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What is is a service that helps prevent link rot. Use it to preserve the online sources you cite and to make those records accessible to your readers.

Link rot (and “reference rot”) happens when you cite to an online source that later disappears or changes. It's a big problem, especially for academic scholarship and judicial opinions, which depend heavily on citations to stable sources that readers can access. For example, a study conducted by researchers at Harvard Law School found that more than 70% of the links in a sample of law journals and 50% of the links in Supreme Court opinions no longer work. and its consortium of participating libraries are working to solve this problem.

How does work?

You give the URL of the page you want to preserve and cite. Our software visits that URL, preserves what's there, deposits it into our collection, and gives you a unique URL (e.g. "") - a "Perma Link" - that points to the record in our collection.

You then can use that Perma Link in your citation to give readers access to a stable, accurate record of the source you referenced, even if the original disappears from the web. example

Suppose you're a professor working on an article and you want to link to the FBI's Top Ten Most Wanted List. Because that list changes over time, your link is going to rot and your future readers won't be able to access your actual source at the original URL. That's bad for you and your readers.

But if you give the web address - e.g. - our software will visit the page, make a record of it and give you a unique URL that points to the preserved record - e.g.

You can add the new Perma Link to your citation, and your future readers will be able to access the intended source no matter what happens to the original page.

Sound useful? Give it a try or read on to learn more. Basics


To preserve web pages with, you need an account. Anyone can create an account, but your ability to use Perma to preserve web pages depends on your affiliations or paid usage plan.

To create an account or learn more about accounts, please visit our signup page.

Usage Plans

Academic libraries qualify for free, unlimited usage plans, which they can share with any of their affiliates, such as current faculty, students or staff. Courts are also eligible for free, unlimited usage plans.

We also offer a variety of paid usage plans for other groups and for individuals. To learn more about paid usage plans, please visit the Accounts and Usage Plans portion of our user guide.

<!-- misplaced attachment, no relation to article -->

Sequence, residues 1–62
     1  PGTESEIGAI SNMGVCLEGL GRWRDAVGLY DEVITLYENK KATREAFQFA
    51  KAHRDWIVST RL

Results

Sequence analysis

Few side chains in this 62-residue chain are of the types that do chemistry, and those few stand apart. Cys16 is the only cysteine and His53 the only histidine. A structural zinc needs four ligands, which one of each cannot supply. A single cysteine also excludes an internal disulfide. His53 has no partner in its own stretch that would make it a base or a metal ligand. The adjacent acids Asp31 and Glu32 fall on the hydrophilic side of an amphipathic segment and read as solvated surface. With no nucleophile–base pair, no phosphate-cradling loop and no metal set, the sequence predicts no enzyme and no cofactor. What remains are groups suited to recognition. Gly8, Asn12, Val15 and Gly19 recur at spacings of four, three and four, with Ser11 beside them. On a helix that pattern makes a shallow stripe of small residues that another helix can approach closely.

To preserve a web page, log in to your account, enter the URL of the page you want to preserve and click the "Create Perma Link" button, or try one of our Browser Tools. Perma will visit the web page at your direction and create a record of the contents of that page.

A screenshot of the Create a Perma Link page. A large input field for the target URL and a 'Create Perma Link' button appear prominently at the top of the page.

When Perma finishes processing your request, it'll direct you to the Perma Record, where you can see the preserved page and the associated Perma Link. You should review the Perma Record to confirm that it displays correctly.

A screenshot of a Perma Link's Record page. A header with tools and URL of the Perma Link tops the page. Underneath, the complete contents of the archived website appears, an exact copy of the original.

If preservation fails for some reason, will display a "Failure" message and give you the option to upload your own image (.png, .jpg) or PDF file.

A screenshot of an error message on the Create a Perma Link page. The error message is beneath the Create a Perma Link form and includes details, a link for uploading your own image and a link for getting help.

Learn more about Perma links and records here.

How you use a Perma Link in a citation is up to you. One common method, encouraged by The Bluebook, is to include both the Perma Link and the original URL in the citation, like this:

An example from the Harvard Law Review
Footnote 4. See, e.g., Charles P. Pierce, This Cannot Be the Way Occupy Ends, ESQUIRE: POL. BLOG (Nov 17, 2011), archived at (bemoaning protestors' 'reciprocal violence' and arguing that the protest 'can't end in images of bleeding cops and tossed barricades'

Viewing records

When someone visits a Perma Link on the web, they'll see an interactive, web archive version of the record. They'll also have access to a screenshot version and a link to the live version of the original URL.

A screenshot of a Perma Link's Record page. A header with links to all the versions of the record tops the page. Underneath, the complete contents of the archived website appears, an exact copy of the original.